Geographic Area of Cruise: Atlantic Ocean, SE US continental shelf ranging from Cape Hatteras, NC (35°30’ N, 75°19’W) to St. Lucie Inlet, FL (27°00’N, 75°59’W)
Date: August 19, 2019
This video was captured during my NOAA Teacher at Sea cruise aboard NOAA Ship Pisces. During the cruise I spent lots of time outside on the deck gazing into the blue seascape. Here’s some of the footage I collected.
Mission: Snapper/Longline Shark Survey Geographic Area of Cruise: Gulf of Mexico Date: September 10, 2017
Weather Data from the Bridge
Latitude: 29 24.526 N
Longitude: 094 22.228W
Sea wave height: 1 meter
Wind Speed: 16 knots
Wind Direction: 30.8 degrees
Air Temperature: 26.1 Celsius
Barometric Pressure: 1017.55 mb
View from the wet lab
Measuring a ray
Science and Technology Log
We have been experiencing some rocking and rolling out here due to the hurricanes that are occurring to the east and the west of us as we sit in the relatively calmer waters off the coast of Texas and Louisiana. We have experienced 6 – 8 foot waves so far on our survey and the ship is being maneuvered to try and find the calmest spots so we can continue to do our work.
So what makes a wave a wave?
Check out this link to learn what makes a wave a wave!
Waves are part of the experience. Below is a poem written by the scientists and crew of the Oregon II on an earlier survey. Here are a few vocabulary words that you may not know to help you interpret the poem.
Crest– the highest part of the wave Trough– the lowest part of a wave Muster– to call together Haul back – the process of bringing in the longline Bridge – where one controls the ship
Here is a poem written by some of the scientist and crew of the Oregon II about rough waters on an earlier expedition.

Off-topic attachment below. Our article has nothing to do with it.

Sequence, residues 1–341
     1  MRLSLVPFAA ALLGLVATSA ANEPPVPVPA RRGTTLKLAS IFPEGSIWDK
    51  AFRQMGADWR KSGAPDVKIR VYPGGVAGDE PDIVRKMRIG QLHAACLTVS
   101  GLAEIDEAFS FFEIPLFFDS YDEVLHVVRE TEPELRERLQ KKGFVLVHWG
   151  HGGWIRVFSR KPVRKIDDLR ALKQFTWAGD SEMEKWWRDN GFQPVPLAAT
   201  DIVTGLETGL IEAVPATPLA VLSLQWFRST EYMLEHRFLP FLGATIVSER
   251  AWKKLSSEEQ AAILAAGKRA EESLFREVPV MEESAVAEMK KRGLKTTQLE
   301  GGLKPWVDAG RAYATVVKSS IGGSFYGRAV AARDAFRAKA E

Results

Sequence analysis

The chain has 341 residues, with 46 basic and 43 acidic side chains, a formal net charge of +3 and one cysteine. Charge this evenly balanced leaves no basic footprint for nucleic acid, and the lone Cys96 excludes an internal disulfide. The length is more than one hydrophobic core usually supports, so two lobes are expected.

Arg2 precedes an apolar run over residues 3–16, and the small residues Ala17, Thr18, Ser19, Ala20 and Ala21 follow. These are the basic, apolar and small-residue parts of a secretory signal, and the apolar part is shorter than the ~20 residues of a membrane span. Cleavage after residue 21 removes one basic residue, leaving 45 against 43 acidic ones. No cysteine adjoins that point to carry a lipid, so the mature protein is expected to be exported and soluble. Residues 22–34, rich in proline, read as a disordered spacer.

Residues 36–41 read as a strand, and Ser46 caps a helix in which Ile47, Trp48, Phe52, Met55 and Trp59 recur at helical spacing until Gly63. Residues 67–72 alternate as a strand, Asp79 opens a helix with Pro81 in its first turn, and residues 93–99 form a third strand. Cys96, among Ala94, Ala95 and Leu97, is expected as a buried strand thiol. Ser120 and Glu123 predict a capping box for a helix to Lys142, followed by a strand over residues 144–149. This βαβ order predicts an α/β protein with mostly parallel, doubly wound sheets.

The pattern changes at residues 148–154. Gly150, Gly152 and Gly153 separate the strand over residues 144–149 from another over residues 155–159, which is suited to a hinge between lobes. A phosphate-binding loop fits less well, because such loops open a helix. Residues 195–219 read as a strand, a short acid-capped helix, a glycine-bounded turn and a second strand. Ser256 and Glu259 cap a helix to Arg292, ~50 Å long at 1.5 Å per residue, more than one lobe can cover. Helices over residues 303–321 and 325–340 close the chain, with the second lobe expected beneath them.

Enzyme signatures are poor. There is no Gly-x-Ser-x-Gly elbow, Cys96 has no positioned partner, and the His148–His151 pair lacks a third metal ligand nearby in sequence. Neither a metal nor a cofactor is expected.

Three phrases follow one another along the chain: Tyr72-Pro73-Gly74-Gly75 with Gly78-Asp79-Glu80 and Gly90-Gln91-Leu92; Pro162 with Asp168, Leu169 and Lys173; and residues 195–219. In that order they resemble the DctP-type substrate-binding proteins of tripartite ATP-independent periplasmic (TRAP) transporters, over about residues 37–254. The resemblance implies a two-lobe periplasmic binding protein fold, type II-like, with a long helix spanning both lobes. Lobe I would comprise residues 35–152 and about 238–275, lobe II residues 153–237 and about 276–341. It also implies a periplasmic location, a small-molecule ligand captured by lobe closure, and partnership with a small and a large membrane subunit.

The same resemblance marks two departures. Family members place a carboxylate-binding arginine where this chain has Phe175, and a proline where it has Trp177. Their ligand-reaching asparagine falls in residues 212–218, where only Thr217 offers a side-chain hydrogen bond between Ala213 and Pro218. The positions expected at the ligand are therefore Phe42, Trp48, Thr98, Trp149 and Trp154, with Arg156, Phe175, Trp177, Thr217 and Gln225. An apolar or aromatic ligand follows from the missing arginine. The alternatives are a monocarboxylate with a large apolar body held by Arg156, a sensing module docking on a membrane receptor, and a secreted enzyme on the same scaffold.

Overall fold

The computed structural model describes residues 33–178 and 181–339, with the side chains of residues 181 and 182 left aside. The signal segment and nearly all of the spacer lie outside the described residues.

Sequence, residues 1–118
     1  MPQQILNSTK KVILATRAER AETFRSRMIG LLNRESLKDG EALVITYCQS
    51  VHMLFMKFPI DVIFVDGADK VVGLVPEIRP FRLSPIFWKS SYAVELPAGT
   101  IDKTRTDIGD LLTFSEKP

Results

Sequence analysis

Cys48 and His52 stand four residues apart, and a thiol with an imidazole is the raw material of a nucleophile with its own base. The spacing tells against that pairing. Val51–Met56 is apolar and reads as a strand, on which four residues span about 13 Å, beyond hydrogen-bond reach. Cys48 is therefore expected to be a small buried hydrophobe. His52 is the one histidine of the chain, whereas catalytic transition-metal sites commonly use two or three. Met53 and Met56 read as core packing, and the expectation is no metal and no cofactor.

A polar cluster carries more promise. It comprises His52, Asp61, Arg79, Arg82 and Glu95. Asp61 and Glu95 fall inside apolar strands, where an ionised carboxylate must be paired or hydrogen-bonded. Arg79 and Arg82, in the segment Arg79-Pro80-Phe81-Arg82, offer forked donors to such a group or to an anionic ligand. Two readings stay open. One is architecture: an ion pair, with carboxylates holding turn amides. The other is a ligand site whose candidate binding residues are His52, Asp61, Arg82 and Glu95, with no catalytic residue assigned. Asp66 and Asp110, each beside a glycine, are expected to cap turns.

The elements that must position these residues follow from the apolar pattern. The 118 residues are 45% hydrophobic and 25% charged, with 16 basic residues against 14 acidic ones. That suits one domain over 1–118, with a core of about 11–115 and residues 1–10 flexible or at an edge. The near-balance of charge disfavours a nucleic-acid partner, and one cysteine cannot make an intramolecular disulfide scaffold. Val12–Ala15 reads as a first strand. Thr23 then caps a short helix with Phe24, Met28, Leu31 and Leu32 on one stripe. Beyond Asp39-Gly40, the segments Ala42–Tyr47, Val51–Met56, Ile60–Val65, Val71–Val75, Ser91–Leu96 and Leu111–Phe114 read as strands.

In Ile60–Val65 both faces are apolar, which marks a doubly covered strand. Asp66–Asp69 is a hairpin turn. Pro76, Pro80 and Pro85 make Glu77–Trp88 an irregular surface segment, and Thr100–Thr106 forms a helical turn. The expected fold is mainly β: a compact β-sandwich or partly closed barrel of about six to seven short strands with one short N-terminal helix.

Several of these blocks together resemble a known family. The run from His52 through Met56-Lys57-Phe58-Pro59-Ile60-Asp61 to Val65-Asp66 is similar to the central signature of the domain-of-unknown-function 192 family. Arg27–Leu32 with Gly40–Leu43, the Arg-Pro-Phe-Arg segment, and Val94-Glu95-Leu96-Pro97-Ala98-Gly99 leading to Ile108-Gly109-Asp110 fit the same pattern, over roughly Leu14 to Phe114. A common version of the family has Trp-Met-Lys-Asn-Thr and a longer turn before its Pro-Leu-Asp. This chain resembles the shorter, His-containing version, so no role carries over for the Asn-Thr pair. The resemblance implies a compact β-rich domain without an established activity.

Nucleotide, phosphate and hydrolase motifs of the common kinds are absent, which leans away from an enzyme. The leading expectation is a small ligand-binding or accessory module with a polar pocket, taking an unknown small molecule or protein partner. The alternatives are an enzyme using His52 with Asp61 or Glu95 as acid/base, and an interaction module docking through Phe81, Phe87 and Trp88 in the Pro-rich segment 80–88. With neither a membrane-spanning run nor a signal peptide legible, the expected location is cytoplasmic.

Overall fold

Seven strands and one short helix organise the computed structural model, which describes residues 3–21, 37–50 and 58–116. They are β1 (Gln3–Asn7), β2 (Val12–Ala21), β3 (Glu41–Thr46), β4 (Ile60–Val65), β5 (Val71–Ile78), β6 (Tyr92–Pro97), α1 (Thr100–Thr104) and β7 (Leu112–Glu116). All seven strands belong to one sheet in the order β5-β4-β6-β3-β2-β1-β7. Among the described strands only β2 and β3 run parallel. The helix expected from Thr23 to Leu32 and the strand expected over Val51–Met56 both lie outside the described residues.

The crew knows he’s on the job, when the Ship starts to bob.
They know he’s at the wheel, ‘cause on the hip she does heel. Trough-Man
On the Deck the haul-back team does muster, while on the Bridge he robs sleep with the bow thruster.
You’ll always wake up in a funk, ‘cause you’ve been rolled out of your bunk. Trough-Man
Sometimes you may wonder if he can find the trough in a mug or a coffee can.
On this Ship you can’t even shave, ‘cause you never know when she’ll hit another wave. Trough-Man
When the boat’s wallowing like a stuck pig, you know he’s on the Bridge doing a jig.
For the rail you will grab, when the boat does its crab. Trough-Man
When you’re eating off your neighbor’s plate, you know he’s your Shipmate.
If you can’t hold your food down and your stomach is off, you know your riding in the trough. Trough-Man
This poem is to all boat drivers, because they are put in the position of going from point A to point B no matter the sea state.
by Scientists & Crew of Oregon II Cruise 1102
We have had calm days where the water is like glass and other days with wind waves of up to 8 feet! I have come to appreciate the numerous handrails available all around the ship as well as learning to make sure my drawers and cabinets are secured. Nothing like waking up in the middle of the night with your drawers opening and closing! Also taking a shower in these conditions are quite the adventure in itself. The last few nights have felt like I am sleeping in a swinging hammock. There are also some nice features on the ship to keep items in place.
hole in picnic table
hooks to keep doors open
Here are some photos of the things I appreciate when the boat is rocking and rolling — handrails that are located everywhere, hooks that keep doors open and holes in the picnic table to keep your drink from spilling!
Did You Know?